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Children and COVID-19 Research Library

UNICEF Innocenti's curated library of COVID-19 + Children research

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676 - 690 of 809
Flexibility in individual funding schemes: how well did Australia's National Disability Insurance Scheme support remote learning for students with disability during COVID‐19?

AUTHOR(S)
Sophie Yates; Helen Dickinson; Catherine Smith

Published: November 2020   Journal: Social Policy & Administration

Individualized funding schemes are designed to offer people with disability greater choice and control over the services they receive. This research reports on a survey of over 700 families to explore how Australia's National Disability Insurance Scheme (NDIS) supported children and young people and their families to learn remotely during COVID‐19. NDIS funding to support education during the first COVID‐19 lockdown period forms an important case study of the flexibility of individualized funding schemes.

Inequalities in children's experiences of home learning during the COVID‐19 lockdown in England

AUTHOR(S)
Alison Andrew; Sarah Cattan; Monica Costa Dias

Published: November 2020   Journal: Fiscal Studies
This paper combines novel data on the time use, home‐learning practices and economic circumstances of families with children during the COVID‐19 lockdown with pre‐lockdown data from the UK Time Use Survey to characterise the time use of children and how it changed during lockdown, and to gauge the extent to which changes in time use and learning practices during this period are likely to reinforce the already large gaps in educational attainment between children from poorer and better‐off families.
Factors associated with caregiver preferences for children's return to school during the COVID‐19 pandemic

AUTHOR(S)
Christine A. Limbers

Published: November 2020   Journal: Journal of School Health

Amid the COVID‐19 pandemic, there is a need to understand caregiver preferences for their children's instructional format for the start of the 2020 to 2021 academic year. The purpose of the current study was to assess caregiver preferences for on‐campus versus virtual learning at home during the fall and factors associated with these preferences. Participants were caregivers of 4436 children and adolescents who were enrolled in pre‐kindergarten through high school at a large, public school district in Texas. Caregivers were asked to complete an anonymous, online survey about their initial preferences for their student's back to the school learning environment.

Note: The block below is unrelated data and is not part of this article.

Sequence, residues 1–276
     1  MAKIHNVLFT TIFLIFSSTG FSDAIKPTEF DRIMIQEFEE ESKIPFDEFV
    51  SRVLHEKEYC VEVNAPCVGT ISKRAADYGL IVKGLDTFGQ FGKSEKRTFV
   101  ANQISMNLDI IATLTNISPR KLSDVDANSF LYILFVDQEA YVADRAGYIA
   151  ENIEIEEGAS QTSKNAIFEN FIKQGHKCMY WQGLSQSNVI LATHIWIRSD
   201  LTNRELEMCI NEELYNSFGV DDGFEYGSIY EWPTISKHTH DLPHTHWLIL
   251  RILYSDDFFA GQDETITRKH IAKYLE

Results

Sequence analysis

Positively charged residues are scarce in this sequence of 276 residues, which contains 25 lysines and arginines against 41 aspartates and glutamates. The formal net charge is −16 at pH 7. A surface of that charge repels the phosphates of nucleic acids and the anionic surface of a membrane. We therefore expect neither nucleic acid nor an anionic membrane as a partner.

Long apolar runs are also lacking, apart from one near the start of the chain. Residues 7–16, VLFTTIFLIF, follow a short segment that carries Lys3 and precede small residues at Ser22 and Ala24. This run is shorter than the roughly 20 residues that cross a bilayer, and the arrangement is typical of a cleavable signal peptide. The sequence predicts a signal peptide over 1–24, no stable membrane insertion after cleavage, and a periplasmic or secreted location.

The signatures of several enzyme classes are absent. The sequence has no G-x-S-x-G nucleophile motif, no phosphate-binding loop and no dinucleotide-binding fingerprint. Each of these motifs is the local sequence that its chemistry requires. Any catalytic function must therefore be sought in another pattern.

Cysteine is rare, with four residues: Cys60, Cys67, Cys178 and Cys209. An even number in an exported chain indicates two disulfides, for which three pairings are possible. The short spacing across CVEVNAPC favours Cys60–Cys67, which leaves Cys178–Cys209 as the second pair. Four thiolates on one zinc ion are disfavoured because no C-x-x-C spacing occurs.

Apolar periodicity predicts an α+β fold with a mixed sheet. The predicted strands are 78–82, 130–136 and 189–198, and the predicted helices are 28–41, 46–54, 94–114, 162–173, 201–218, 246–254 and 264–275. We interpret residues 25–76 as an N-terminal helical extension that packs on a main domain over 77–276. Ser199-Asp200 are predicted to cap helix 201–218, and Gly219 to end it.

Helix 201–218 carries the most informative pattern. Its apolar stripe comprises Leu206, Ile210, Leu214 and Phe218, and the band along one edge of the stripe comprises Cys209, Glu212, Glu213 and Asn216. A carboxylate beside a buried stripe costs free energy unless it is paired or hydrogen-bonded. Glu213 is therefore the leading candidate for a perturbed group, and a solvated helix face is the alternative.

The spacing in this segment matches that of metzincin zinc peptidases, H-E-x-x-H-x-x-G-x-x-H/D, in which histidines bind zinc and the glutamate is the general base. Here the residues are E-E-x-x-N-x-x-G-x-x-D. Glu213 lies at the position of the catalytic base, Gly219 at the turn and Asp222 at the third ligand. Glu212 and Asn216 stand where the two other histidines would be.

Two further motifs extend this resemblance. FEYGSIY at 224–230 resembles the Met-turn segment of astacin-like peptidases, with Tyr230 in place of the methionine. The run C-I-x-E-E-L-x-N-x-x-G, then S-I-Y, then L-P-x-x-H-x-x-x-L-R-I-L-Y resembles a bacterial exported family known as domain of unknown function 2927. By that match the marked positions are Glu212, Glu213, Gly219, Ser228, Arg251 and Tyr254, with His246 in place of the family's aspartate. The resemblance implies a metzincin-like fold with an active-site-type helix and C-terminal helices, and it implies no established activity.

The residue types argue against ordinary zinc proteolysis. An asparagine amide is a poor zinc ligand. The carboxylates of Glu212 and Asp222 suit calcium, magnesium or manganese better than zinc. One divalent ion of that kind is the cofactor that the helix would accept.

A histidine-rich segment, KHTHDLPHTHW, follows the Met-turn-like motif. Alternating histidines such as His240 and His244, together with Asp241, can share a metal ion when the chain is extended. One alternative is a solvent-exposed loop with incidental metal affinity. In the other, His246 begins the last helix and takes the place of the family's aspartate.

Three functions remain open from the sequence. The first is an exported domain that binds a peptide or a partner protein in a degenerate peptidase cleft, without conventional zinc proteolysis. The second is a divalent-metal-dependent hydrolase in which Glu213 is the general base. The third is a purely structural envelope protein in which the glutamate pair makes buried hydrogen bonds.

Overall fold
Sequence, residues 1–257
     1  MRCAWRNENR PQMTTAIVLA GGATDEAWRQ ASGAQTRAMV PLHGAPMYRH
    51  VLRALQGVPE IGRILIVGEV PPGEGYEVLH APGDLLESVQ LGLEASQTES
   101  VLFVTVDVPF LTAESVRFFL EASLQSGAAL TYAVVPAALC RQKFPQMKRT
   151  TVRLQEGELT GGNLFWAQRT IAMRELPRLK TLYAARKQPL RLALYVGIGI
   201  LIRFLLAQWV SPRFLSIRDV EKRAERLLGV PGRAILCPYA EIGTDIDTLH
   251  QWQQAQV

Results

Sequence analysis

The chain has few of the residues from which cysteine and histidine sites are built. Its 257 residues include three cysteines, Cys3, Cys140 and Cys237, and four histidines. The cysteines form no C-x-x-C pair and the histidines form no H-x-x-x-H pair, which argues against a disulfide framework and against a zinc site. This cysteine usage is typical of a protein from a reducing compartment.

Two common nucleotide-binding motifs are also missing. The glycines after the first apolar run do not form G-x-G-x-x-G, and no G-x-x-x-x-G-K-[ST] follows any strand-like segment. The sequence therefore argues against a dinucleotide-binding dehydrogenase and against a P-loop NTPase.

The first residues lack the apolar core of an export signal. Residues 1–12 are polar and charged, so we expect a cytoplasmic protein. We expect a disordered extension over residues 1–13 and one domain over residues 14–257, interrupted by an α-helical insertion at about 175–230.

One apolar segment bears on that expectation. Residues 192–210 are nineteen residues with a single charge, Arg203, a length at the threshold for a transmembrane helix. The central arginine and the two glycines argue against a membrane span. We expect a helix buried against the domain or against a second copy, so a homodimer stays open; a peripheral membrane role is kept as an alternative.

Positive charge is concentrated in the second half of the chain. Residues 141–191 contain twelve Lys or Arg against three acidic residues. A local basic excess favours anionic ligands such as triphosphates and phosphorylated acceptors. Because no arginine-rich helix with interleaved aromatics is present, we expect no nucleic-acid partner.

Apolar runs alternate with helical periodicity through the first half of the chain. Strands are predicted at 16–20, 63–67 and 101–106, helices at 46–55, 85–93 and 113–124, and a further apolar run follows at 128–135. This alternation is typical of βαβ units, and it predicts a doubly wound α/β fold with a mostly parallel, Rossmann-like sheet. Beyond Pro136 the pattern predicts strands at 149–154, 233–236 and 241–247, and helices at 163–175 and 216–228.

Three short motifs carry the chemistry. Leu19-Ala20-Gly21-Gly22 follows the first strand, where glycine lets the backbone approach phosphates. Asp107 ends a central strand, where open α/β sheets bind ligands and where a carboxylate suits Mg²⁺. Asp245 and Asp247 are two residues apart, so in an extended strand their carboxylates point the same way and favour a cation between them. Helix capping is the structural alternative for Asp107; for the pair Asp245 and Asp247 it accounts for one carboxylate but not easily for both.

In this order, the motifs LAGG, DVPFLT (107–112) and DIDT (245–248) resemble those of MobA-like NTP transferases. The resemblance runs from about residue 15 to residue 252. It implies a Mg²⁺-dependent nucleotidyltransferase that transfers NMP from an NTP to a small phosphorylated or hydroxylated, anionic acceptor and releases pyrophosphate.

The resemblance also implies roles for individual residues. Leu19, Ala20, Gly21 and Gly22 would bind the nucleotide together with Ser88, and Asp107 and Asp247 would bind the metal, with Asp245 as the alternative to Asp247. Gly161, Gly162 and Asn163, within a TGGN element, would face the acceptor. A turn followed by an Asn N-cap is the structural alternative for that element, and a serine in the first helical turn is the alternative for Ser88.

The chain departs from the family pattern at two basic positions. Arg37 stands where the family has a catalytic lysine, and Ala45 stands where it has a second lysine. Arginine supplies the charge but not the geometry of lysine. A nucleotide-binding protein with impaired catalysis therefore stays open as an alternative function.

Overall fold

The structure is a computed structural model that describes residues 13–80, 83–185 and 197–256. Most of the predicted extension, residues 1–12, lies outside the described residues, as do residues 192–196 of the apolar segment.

Modeling the impact of school reopening on SARS-CoV-2 transmission using contact structure data from Shanghai

AUTHOR(S)
Benjamin Lee; John P. Hanley; Sarah Nowak (et al.)

Published: November 2020   Journal: BMC Public Health

Mathematical modeling studies have suggested that pre-emptive school closures alone have little overall impact on SARS-CoV-2 transmission, but reopening schools in the background of community contact reduction presents a unique scenario that has not been fully assessed. This study adapted a previously published model using contact information from Shanghai to model school reopening under various conditions. It investigated different strategies by combining the contact patterns observed between different age groups during both baseline and “lockdown” periods. It also tested the robustness of this strategy to the assumption of lower susceptibility to infection in children under age 15 years.